J. Ryan Marks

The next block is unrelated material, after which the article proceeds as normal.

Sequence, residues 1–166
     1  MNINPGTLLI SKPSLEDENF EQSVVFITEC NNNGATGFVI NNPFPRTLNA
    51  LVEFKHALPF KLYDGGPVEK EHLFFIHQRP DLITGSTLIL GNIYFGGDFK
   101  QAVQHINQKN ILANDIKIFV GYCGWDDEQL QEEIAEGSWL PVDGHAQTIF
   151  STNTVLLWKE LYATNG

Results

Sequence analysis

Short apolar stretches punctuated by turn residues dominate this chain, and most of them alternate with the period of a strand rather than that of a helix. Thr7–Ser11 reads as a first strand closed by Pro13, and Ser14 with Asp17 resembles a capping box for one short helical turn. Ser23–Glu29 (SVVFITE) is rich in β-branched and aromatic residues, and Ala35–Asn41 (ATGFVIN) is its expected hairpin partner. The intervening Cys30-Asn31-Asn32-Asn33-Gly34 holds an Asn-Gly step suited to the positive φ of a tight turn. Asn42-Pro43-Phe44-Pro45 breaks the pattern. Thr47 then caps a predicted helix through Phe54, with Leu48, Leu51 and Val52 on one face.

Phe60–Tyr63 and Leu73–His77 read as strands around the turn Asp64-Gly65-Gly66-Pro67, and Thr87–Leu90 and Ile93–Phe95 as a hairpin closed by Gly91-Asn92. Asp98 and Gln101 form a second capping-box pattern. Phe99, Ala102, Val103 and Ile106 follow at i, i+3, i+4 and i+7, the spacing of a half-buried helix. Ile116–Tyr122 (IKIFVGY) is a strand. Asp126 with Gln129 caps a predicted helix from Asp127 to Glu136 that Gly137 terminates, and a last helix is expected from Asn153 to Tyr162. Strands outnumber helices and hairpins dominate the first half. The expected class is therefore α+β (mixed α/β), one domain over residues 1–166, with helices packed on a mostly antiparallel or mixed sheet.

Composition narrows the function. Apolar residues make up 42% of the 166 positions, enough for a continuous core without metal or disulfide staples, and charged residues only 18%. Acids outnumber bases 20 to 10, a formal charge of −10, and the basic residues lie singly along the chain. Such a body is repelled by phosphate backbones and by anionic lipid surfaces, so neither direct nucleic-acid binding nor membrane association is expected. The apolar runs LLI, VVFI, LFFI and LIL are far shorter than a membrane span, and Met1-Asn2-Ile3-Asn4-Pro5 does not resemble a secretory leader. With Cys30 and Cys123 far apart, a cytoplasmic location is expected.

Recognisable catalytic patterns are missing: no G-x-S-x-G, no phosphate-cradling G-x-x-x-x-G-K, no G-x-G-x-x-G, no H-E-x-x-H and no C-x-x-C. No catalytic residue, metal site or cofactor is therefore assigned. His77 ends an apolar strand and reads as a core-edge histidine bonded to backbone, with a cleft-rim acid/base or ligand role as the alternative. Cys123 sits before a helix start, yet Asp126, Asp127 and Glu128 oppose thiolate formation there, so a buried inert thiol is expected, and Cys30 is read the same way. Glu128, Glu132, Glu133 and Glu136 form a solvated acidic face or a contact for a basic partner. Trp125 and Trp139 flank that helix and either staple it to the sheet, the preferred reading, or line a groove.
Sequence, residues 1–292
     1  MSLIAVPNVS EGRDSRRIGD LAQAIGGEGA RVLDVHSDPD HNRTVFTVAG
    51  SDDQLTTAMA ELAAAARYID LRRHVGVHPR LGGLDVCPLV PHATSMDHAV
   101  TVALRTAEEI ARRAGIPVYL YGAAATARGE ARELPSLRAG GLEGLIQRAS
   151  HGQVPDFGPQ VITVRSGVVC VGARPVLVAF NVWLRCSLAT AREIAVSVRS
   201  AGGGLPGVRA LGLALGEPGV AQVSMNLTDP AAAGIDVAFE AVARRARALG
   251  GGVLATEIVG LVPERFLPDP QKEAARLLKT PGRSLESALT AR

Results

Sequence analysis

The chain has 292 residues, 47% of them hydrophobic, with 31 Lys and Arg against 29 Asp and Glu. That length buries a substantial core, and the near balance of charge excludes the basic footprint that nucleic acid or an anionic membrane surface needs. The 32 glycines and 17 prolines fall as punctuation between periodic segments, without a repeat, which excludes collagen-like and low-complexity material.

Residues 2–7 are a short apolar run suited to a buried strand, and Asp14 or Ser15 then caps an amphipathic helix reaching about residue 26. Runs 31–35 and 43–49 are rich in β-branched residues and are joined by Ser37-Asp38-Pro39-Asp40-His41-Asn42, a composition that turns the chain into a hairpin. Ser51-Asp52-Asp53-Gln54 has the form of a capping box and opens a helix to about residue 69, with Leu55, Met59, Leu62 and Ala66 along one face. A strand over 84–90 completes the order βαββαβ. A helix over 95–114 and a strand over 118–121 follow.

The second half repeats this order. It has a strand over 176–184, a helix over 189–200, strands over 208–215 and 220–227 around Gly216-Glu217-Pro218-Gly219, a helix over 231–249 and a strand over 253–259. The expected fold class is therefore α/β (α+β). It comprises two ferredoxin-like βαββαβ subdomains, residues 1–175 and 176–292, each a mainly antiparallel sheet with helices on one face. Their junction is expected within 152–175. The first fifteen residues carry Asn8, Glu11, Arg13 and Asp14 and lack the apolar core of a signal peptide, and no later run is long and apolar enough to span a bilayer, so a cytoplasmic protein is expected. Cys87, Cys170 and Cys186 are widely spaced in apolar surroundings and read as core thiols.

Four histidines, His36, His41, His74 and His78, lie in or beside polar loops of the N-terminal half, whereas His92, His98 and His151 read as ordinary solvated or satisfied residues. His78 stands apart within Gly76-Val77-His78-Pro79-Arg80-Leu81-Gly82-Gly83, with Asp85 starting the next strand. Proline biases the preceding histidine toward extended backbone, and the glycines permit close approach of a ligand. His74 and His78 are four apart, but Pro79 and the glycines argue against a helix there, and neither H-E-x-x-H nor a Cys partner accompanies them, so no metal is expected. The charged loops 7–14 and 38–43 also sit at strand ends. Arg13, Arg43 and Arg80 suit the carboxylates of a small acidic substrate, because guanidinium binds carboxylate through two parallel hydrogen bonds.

During my CHI fellowship, I will be at work on my dissertation project, "Drop the Subject: Ranting and Inappopriation in Contemporary American Literature." Cast as uncompromising, negative, monologic, selfish, and alienating, what’s conventionally dismissed as ranting is a form of incivility that, as a result of the limits to how aggrieved are subjects recognized, has been undertheorized. “Drop the Subject” contends that a critical engagement with rants is useful for contemporary American literary criticism exactly because it forces a re-evaluation of what occurs within the broad bandwidth of writing dismissed as expression in the discussion of identity politics. This project coordinates major flashpoints of social transgression in literature and identity politics, from the Free Speech Movement’s attempts in the late 1960s to garner support for civil rights causes on campus through tactical use of obscenity to recent controversies in poetry that reveal how identity politics in the academy is currently critically siloed, discouraging cross-pollination and engagement. A literary study of fiction and nonfiction employing the tactics of ranting pushes the acknowledged influence of political radicalism on style into writing online, where trolling and baiting tactics pull recognizable debates out of their institutionally sanctioned contexts.